How to pronounce cinq

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sA French 's' sound is made in a very similar way to an English 's' sound, by bringing the front part of the tongue very close to the ridge behind the teeth, causing friction as the air escapes. However, many English speakers use the very tip of the tongue, whereas in French it is common to use the part of the tongue just behind the tip (called the "blade" of the tongue). 
æ̃This vowel is pronounced with the tongue and mouth in a similar position to the 'a' of English "am". The vowel is nasalized: air escapes through the nose as well as the mouth. 
kA French 'k' sound (often written "qu" or, as in English, "c") is generally pronounced in a similar way to the English 'k' sound of "skin", "scan" etc. In other words, it is not usually followed by a "strong burst of air" (aspiration) as in the 'k' sound of English "kit", "can" etc. If you are a native English speaker, repeat the word "cool" then "school" while holding your hand in front of your mouth. In the word "cool", you'll feel a stronger burst of air than in "school". In French, you always pronounce the 'k' sound as in English "school", without the strong burst of air.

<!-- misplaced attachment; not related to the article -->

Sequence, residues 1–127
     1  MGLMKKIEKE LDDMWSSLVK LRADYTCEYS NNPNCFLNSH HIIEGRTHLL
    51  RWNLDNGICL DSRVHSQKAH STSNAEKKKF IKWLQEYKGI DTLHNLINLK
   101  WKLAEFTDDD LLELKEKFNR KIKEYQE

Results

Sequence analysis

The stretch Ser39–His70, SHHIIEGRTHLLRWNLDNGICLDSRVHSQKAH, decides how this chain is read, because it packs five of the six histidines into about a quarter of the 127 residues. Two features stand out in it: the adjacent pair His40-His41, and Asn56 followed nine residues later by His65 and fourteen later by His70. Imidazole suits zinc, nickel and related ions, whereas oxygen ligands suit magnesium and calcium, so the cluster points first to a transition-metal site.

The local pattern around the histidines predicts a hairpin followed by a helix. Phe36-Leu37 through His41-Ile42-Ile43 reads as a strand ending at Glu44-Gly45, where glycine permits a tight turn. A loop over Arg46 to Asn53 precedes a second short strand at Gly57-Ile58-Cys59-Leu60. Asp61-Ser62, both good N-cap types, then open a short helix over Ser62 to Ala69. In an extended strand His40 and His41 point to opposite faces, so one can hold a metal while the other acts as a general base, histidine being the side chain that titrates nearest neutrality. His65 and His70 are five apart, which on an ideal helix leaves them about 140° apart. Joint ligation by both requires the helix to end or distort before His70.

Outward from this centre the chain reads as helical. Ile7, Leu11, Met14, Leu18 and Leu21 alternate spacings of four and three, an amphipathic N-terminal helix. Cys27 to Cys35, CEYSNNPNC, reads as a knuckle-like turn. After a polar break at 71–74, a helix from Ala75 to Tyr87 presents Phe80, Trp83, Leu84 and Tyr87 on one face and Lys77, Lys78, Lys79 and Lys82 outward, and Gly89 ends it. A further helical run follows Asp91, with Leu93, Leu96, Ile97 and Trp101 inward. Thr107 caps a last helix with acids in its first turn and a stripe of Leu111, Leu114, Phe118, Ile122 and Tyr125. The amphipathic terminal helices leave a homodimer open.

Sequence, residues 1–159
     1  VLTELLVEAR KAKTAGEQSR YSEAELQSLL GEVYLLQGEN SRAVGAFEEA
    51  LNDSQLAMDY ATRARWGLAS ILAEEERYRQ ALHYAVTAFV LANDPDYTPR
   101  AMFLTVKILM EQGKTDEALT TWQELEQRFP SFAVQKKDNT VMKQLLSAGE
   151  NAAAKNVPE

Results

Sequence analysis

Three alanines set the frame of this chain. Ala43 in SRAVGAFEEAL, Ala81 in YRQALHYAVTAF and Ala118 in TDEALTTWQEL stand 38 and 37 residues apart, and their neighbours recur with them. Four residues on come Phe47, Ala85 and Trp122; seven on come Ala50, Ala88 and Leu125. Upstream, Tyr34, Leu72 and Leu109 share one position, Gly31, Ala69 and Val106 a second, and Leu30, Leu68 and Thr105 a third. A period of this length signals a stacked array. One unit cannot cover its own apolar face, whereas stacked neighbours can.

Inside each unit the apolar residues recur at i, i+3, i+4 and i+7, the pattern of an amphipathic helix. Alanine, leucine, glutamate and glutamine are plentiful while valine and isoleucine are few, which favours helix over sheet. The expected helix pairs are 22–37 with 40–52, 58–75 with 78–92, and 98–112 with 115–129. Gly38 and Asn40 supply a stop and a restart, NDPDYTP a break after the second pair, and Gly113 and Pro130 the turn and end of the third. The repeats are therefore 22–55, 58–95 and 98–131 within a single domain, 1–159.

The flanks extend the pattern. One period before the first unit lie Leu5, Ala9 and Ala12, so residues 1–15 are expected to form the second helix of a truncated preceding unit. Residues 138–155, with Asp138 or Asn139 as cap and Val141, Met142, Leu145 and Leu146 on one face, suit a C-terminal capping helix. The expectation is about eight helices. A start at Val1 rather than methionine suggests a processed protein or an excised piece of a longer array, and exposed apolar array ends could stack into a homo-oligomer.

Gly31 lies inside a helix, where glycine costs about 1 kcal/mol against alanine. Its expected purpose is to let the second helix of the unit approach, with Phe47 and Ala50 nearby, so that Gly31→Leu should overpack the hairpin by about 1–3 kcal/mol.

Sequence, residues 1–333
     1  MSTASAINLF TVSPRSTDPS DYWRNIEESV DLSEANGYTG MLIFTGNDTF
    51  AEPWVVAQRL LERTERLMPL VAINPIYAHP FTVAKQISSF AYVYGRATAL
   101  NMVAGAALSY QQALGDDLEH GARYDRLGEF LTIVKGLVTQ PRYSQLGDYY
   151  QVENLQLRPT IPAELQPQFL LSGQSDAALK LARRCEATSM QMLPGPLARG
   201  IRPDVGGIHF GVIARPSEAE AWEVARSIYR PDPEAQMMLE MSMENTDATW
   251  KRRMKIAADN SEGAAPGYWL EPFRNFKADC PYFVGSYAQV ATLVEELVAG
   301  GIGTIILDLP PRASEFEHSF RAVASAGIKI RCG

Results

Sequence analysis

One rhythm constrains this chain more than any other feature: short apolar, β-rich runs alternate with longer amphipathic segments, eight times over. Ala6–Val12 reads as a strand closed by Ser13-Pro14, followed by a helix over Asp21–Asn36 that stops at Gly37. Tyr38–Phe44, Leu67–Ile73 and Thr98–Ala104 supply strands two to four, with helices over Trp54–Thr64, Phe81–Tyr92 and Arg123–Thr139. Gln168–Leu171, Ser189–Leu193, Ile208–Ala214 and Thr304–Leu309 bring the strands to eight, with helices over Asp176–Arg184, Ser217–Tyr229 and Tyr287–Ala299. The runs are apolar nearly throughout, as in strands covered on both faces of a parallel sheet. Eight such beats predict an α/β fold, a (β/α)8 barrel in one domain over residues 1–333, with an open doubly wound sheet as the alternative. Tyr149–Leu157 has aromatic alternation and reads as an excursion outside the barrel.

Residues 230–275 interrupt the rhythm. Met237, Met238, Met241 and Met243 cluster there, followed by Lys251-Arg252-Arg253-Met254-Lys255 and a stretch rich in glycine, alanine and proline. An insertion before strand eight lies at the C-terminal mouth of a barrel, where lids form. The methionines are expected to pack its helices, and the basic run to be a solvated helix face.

əThe 'schwa' or 'neutral e' is pronounced with the tongue in a "central, relaxed" position and the mouth also in a 'half open, relaxed' position. Note that many French speakers actually tend to pronounce this vowel as a 'close eu' vowel (as occurs at the end of words ending in -euse), or at least with some rounding of the lips.Notice how this sound is pronounced as a little "off-glide" at the end of the word even though there isn't an -e in the spelling. It doesn't receive stress, and would typically disappear when followed by another word.